By design, most of the commercial feels like it belongs to pre-1980, but the dissonance of the kid’s poem and the speeding-car shots strikes a cool chord. While previous car spots may be clever or topical when full of movie stars, this one stands out in a good way. It’s smooth and engaging, presumably, like a ride in a new Audi. Credits and a couple of :15 second spots after the jump.
This 30-second spot, produced by Venables Bell & Partners, attempts to show the audience how billionaire superheroes commute to work. The average worker takes the bus, the train, maybe drives an average car. Tony Stark drives an Audi R8 supercar. Of course, he could also just commute in his Iron Man suit, which would make the R8 seem irrelevant, but that wouldn’t be very good Audi product placement.
You’ve seen this type of spiel before: “It’s never a bad day at work when your commute looks like this.” I’ve never been a fan of this pitch to consumers. After enough time, a car becomes a car. And if your job still sucks, if you have that pontificating boss, or you work till 9 p.m., going home in an R8 won’t stop you from hating a job (but it might help you attract women). And with a minimum MSRP of $114,000 on last year’s model, you’ll most likely hate your bank account afterward, too. But at least it looks cool, right? Credits after the jump.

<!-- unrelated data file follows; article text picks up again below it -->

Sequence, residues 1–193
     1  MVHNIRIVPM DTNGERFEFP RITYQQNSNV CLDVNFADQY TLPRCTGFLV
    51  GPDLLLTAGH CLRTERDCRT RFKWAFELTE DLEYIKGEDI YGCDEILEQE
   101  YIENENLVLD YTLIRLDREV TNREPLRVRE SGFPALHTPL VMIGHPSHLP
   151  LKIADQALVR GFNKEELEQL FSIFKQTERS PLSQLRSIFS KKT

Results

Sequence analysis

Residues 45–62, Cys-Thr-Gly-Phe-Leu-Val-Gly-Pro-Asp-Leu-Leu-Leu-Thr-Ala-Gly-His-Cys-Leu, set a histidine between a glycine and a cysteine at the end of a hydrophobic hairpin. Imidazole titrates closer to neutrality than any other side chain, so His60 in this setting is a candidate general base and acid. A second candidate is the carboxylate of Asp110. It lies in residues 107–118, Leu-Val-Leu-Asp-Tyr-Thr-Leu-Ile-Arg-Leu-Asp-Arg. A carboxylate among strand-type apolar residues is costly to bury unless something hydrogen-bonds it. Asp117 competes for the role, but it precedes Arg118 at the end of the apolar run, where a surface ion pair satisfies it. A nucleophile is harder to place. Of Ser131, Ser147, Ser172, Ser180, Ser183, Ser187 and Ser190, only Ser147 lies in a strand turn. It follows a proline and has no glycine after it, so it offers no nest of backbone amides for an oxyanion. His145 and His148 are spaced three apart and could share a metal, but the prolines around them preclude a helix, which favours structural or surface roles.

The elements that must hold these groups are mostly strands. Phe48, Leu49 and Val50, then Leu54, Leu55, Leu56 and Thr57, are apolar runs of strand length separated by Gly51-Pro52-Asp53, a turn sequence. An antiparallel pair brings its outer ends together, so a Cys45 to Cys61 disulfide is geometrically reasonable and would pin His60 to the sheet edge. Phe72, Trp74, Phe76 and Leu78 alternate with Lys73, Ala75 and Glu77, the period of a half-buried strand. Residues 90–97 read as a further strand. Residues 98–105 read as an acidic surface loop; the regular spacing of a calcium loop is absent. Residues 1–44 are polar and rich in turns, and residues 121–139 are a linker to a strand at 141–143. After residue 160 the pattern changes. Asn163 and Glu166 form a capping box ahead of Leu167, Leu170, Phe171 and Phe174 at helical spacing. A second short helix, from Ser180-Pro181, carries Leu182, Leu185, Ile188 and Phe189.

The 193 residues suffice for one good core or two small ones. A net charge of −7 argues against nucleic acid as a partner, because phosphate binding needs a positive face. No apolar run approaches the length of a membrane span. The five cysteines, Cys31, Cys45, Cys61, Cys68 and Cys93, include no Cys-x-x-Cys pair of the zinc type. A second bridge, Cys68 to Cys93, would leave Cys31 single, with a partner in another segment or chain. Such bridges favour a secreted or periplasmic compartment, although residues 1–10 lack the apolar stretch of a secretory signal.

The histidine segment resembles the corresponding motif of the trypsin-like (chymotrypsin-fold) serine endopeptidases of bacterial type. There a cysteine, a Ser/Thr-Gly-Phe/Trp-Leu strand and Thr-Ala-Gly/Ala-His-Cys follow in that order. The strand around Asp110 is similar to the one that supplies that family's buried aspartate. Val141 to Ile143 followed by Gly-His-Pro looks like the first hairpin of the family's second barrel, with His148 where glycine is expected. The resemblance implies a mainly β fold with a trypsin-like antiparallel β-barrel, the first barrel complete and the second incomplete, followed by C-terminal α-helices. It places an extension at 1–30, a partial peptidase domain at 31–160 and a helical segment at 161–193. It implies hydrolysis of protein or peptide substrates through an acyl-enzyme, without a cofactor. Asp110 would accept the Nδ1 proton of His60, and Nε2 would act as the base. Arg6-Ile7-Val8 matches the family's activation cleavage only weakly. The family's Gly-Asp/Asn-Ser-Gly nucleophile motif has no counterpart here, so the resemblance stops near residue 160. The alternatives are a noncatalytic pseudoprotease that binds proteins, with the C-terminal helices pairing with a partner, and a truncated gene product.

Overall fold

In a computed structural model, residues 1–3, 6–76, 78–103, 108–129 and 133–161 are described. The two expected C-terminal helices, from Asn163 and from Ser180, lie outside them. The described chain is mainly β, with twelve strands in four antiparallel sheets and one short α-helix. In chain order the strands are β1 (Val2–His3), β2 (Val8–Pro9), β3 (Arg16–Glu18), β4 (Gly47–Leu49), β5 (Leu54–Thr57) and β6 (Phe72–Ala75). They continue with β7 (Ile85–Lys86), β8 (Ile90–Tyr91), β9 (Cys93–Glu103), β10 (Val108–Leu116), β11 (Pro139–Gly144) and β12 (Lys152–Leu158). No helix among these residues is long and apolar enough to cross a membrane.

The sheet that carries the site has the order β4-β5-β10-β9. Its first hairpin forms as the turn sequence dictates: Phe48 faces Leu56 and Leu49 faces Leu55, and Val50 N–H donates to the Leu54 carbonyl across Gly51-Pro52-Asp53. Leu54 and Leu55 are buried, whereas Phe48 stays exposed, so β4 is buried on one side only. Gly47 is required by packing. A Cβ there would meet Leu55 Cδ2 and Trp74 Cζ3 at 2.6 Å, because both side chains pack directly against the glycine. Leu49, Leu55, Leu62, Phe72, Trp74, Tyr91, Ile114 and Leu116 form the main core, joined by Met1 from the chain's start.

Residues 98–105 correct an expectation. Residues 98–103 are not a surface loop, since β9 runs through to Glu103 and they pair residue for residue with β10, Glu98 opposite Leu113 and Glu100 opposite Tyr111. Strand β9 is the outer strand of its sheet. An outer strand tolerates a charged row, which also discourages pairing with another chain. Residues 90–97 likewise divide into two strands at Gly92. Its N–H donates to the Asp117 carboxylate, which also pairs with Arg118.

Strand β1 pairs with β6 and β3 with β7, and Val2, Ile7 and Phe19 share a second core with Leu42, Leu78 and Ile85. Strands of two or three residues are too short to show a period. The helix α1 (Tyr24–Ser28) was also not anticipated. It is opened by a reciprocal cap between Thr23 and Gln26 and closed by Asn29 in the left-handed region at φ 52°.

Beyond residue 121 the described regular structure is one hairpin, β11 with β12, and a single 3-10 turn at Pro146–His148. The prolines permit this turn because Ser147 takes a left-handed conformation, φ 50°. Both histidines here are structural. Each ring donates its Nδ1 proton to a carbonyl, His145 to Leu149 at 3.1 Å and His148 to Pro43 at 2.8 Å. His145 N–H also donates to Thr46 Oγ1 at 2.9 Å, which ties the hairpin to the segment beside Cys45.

Audi and VB+P are traditionally all about appealing to consumers’ inner-adolescent with their Super Bowl ads. Remember when vampires were a big deal? Audi remembered, so they put vampires in their Super Bowl spot last year. However, as the Twilight film series has ended, Audi and VB+P are telling a bit more of a timeless story with this year’s installment, “Prom (Worth It).”